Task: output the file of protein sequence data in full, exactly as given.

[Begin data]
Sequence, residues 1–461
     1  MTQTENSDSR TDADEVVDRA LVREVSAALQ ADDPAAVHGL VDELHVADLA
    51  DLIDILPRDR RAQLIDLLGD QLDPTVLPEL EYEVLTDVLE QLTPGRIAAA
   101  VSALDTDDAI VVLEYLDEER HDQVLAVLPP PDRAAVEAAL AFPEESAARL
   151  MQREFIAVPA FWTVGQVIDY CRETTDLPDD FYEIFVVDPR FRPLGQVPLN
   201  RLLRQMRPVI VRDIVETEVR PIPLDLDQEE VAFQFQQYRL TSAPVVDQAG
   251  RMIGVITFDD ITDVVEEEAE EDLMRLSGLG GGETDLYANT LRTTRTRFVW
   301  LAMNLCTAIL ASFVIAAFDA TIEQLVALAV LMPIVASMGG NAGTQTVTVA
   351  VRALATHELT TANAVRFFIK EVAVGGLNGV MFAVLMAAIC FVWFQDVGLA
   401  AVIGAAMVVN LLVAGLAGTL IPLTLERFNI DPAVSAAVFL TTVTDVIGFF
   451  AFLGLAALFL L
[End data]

Sequence, residues 1–461
     1  MTQTENSDSR TDADEVVDRA LVREVSAALQ ADDPAAVHGL VDELHVADLA
    51  DLIDILPRDR RAQLIDLLGD QLDPTVLPEL EYEVLTDVLE QLTPGRIAAA
   101  VSALDTDDAI VVLEYLDEER HDQVLAVLPP PDRAAVEAAL AFPEESAARL
   151  MQREFIAVPA FWTVGQVIDY CRETTDLPDD FYEIFVVDPR FRPLGQVPLN
   201  RLLRQMRPVI VRDIVETEVR PIPLDLDQEE VAFQFQQYRL TSAPVVDQAG
   251  RMIGVITFDD ITDVVEEEAE EDLMRLSGLG GGETDLYANT LRTTRTRFVW
   301  LAMNLCTAIL ASFVIAAFDA TIEQLVALAV LMPIVASMGG NAGTQTVTVA
   351  VRALATHELT TANAVRFFIK EVAVGGLNGV MFAVLMAAIC FVWFQDVGLA
   401  AVIGAAMVVN LLVAGLAGTL IPLTLERFNI DPAVSAAVFL TTVTDVIGFF
   451  AFLGLAALFL L